The Rise of Limited Land Myth

In a recent speech at the Committee of Supply debate, Minister for National Development Lawrence Wong said,
“I think we should take comfort that we are moving forward from a position of strength. Despite our limitations of size, we are still far from saturation. There are still many possibilities for urban development and transformation.”
The government has already stated their stand for land use. And it is not the first by any means. Land use for our little urban landscape has been dictated and planned out years before in the White Population Paper and URA Concept/Master Plan – if you have been reading them.
In short, there’re no land shortage on our tiny island. More than enough land has been set aside beyond 2030 for residential, commercial, industrial, military, parks and greenery, and more important land usage for greater economic development.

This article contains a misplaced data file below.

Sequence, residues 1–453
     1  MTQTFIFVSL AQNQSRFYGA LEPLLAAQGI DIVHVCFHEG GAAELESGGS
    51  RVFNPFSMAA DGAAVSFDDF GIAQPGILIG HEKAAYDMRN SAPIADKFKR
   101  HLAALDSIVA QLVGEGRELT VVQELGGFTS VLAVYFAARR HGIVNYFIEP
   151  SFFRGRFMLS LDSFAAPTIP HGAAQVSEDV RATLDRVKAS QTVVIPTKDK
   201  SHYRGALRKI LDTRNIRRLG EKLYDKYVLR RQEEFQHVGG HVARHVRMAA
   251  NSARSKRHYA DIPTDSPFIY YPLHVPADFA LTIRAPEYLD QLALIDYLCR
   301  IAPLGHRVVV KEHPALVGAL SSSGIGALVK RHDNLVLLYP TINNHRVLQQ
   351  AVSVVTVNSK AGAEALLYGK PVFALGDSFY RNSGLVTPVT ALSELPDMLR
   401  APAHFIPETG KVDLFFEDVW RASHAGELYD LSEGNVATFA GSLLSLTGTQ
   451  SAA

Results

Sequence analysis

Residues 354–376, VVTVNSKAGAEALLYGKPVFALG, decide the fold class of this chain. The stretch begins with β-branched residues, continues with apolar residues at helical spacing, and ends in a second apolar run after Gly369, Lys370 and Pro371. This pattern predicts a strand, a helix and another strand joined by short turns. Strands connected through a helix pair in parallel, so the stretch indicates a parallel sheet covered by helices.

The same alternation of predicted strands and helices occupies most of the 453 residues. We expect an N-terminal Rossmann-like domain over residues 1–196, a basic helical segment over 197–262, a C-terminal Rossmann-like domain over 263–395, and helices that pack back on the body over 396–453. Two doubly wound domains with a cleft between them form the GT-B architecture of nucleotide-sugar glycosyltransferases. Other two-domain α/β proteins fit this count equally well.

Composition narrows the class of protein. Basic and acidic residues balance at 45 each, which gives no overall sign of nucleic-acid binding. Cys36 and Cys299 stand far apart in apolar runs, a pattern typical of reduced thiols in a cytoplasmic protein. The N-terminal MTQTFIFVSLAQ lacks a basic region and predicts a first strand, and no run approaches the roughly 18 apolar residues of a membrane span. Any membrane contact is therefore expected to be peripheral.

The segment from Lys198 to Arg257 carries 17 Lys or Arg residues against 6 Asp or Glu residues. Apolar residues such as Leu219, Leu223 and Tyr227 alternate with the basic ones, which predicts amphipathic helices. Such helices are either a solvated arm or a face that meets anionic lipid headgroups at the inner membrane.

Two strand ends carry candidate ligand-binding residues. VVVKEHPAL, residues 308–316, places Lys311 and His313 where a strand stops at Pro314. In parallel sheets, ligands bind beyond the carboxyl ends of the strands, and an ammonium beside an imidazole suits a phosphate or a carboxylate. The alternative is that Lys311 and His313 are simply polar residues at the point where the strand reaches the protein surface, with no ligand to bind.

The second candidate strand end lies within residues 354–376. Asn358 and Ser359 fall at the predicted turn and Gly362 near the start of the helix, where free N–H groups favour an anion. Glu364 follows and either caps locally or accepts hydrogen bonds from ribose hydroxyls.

I’ve always cautioned about believing in the dangerous fallacy property is always a good long term investment because of “limited land”.

The idea “Land is limited so prices can only go up” was perpetrated by greedy corporations (a.k.a real estate developers) to gain a strong monopoly on the multi-billion-dollar real estate industry.
Since owning a piece of property or land became democratic from the beginning of the industrial age, corporations realise there’s plenty of profits to be made if they can somehow brainwash the masses to believe that limited land supply will increase property prices.
This is not a simple supply-and-demand issue in complex real estate markets like Singapore. In fact, even for global markets too. It’s only one reason out of many more complex ones in the movement of real estate prices.
Onerous planning regulations and cheap debt pushed house prices into the stratosphere – and it’s in the interests of the political elite to keep them there.